But we should also be concerned about how we treat this planet. With every new street that is paved, nature disappears. This statement may be an oversimplification, but in essence it is true. We humans are very much into literally consuming nature. With a growing population, there is a need for economic development, for infrastructure and buildings. Nature is on the recess.

Of course, we all know of the difficult traffic situation in the Greater Manila Area and that there is a need for improvement. But with every forest that is cut and with every new street that makes a rice paddy disappear, we have less reasons to praise God. We may be thankful that our government provides us with roads and even more roads, but we have less reason to praise God as the creator and sustainer of everything.

Nature has value as pointer to God’s majesty as Psalm 104 makes clear. As it has value we should value it. Of course, I do not mean that we should all become full-time environmental activists right now. But Psalm 104 can help us change our attitude toward nature. It encourages us to protect it as much as we can. And with the words “us” and “we” I mean ourselves in the first place. But then I mean our churches. And if as Christians have clear values concerning nature, our communities and countries may follow us hopefully even if they do not join in praising God.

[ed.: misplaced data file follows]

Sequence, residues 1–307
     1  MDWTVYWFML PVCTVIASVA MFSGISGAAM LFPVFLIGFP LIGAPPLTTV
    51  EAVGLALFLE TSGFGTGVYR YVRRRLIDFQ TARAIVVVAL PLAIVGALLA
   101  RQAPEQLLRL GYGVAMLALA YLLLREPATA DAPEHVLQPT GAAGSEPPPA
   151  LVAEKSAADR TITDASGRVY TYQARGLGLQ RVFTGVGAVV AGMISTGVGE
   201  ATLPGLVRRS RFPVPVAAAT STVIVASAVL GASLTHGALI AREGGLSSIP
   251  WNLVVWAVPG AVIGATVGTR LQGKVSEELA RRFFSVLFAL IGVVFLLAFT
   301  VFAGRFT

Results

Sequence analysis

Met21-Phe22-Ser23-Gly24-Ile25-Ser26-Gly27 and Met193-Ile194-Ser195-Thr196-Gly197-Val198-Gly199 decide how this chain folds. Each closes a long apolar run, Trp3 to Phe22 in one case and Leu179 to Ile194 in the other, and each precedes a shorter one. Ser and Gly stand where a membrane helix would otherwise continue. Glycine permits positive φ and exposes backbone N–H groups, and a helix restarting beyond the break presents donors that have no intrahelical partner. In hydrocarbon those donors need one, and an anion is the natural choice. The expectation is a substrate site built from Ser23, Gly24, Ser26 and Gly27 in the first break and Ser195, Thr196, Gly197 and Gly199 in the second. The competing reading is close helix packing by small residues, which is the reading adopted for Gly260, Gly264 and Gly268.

Dependency on God

The psalm speaks about God’s ongoing involvement even after creation in a number of verses, such as 13 and 14 and later in 27 to 30.

These verses speak about how God establishes the conditions so that humans and animals have food. God is even presented as the one who gives life and takes it. (The fact that in verses 28-30 only the animals are in focus does not mean that humans are excluded from God’s reign even over life.)